Facebook CEO Mark Zuckerberg didn’t stand up well against the beaming lights and the piercing questions at the D Conference last night. Zuckerberg was noticeably sweaty and overheated, and his run-on sentences came off poorly in comparison to quips from practiced CEOs like Steve Jobs (s AAPL) and Steve Ballmer (s MSFT) (see video here). We’re not going to give him a free pass on that, but we do think there’s some interesting information to unpack from what he said about mobile.
Zuckerberg cited an older stat about 100 million people using Facebook on their phones, and Facebook has often said its mobile site is about reaching users in countries where PC access is less common. But it so happens that there’s new data out from Strategy Analytics today that indicates just how prevalent mobile Facebook usage is in the U.S. and the UK. Two-thirds of those surveyed in the U.S. and almost half in the UK said that they access Facebook as much or more from their mobile phone than the computer.
Strategy Analytics concluded that the phone is becoming the primary way people use Facebook, despite what it described as a sub-optimal user experience. People tend to use Facebook on the phone for purposeful and short tasks vs. doing more intensive things like uploading photo albums from their computers.
Onstage at D8 last night, Zuckerberg also dropped a few hints about how Facebook perceives mobile going forward. Until now, the company has been a bit haphazard on mobile strategy, with at one time a one-man Facebook iPhone app shop, and still no iPad app to date (though one is apparently coming). Zuckerberg said Facebook’s mobile experience is challenged by the splintered mobile experience among Android (s GOOG), iPhone, HTML and other apps. Most interestingly, he said Facebook is agnostic about the current hubbub around Flash — aka the raging debate between Adobe (s ADBE) and Apple about the preferred way to display video and interactive content on phones. Zuckerberg said, according to the D liveblog:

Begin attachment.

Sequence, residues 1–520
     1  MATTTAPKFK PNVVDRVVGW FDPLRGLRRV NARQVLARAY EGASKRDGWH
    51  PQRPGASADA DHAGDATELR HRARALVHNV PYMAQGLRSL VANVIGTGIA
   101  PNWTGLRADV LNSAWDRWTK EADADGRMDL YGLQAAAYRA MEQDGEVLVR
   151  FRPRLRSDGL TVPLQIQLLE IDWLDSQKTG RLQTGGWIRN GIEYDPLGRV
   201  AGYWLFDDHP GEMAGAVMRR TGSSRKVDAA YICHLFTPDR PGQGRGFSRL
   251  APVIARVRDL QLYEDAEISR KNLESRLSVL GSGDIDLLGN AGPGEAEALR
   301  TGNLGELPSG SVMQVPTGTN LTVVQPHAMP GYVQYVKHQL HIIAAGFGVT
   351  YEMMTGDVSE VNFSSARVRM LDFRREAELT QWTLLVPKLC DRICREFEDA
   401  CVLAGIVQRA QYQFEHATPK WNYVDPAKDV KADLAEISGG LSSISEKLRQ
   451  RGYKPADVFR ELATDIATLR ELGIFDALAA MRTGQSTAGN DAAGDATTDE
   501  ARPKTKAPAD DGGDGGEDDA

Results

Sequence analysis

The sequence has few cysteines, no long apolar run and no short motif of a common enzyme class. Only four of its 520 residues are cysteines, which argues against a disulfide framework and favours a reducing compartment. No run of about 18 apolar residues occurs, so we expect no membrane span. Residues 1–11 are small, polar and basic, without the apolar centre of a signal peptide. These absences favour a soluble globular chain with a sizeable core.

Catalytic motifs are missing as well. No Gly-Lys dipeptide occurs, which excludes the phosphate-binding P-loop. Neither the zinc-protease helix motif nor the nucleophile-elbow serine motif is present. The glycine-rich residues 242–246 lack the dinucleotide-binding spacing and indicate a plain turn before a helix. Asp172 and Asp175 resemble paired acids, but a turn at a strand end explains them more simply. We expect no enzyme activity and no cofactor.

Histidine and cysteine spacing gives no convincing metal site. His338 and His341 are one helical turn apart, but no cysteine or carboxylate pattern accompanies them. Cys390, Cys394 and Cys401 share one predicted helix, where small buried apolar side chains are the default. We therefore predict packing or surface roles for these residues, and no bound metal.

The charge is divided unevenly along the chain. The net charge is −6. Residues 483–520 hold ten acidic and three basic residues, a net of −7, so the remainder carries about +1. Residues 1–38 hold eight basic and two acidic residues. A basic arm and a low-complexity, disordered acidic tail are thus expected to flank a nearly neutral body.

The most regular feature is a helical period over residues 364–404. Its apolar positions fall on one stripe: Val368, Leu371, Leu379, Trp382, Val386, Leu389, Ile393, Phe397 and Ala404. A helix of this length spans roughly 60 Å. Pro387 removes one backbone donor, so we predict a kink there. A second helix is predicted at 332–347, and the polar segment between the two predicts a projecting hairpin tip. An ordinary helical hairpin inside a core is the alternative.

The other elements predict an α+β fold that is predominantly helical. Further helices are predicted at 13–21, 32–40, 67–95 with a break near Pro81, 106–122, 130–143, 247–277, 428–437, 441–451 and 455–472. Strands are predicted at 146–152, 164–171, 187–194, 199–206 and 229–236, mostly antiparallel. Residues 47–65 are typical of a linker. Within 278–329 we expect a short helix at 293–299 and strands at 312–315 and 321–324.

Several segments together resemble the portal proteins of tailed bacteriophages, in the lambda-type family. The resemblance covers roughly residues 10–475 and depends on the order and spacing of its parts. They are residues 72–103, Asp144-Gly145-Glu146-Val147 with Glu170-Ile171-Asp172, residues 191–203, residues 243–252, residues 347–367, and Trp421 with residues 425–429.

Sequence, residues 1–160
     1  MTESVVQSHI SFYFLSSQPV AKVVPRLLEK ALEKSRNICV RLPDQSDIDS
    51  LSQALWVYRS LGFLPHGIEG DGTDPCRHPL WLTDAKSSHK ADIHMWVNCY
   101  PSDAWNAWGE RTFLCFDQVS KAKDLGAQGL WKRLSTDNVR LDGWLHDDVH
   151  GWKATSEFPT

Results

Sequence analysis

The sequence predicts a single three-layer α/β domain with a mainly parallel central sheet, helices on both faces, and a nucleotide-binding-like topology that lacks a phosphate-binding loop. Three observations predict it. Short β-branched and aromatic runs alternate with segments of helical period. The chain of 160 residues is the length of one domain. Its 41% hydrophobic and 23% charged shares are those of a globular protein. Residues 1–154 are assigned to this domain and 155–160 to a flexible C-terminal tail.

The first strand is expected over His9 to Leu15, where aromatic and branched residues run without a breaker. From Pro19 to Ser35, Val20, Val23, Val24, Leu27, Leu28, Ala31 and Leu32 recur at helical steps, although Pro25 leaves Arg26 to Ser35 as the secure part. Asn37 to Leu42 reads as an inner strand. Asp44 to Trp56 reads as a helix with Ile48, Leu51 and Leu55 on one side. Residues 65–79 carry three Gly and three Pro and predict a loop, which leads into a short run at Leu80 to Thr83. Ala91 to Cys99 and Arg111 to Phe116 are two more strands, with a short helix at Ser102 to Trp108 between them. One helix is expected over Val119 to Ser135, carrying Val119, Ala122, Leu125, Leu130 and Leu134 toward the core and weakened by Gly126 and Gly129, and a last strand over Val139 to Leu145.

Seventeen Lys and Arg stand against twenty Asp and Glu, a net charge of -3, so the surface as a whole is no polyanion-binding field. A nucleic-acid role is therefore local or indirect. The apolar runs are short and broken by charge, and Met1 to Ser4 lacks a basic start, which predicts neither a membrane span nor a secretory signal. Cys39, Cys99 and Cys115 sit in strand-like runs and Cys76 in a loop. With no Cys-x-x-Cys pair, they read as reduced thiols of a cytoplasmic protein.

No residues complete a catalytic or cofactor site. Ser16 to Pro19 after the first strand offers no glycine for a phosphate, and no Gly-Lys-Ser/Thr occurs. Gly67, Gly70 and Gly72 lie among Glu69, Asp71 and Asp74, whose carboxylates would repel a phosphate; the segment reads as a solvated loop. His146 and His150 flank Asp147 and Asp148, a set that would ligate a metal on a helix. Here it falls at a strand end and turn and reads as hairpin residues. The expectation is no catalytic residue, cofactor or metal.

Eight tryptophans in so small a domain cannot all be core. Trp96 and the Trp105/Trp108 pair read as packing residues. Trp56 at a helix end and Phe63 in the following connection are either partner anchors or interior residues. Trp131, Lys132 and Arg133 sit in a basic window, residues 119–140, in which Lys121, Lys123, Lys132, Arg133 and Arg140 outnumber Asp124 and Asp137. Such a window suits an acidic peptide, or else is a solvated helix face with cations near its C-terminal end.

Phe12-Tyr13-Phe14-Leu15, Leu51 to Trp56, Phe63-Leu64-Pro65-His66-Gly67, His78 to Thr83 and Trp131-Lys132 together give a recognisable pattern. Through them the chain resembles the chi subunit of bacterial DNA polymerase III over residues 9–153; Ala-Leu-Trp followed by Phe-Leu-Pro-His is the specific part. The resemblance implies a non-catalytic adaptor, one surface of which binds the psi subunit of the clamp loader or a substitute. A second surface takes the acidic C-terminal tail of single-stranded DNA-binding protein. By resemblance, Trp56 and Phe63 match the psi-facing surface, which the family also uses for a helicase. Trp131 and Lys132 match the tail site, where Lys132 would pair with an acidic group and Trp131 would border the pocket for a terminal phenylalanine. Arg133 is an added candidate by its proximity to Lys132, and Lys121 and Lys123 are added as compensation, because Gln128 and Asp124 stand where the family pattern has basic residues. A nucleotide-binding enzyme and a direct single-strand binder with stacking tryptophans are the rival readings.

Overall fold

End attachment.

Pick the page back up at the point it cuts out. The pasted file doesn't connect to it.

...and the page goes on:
“I tend to believe more in the web than apps. The thing that I actually care a lot more about is how you integrate people into all this stuff.”
Those are some pretty simple statements but they’re also significant, because they set up Facebook’s positioning in the mobile world. That first sentence aligns Facebook most closely with Google on mobile apps vs. native apps, and the second points to the expected partnership between Facebook and Apple to provide a social layer throughout the iPhone, iTunes and other Apple products. That move would be a direct affront to Google, and it could be announced as early as next week at Apple’s WWDC.
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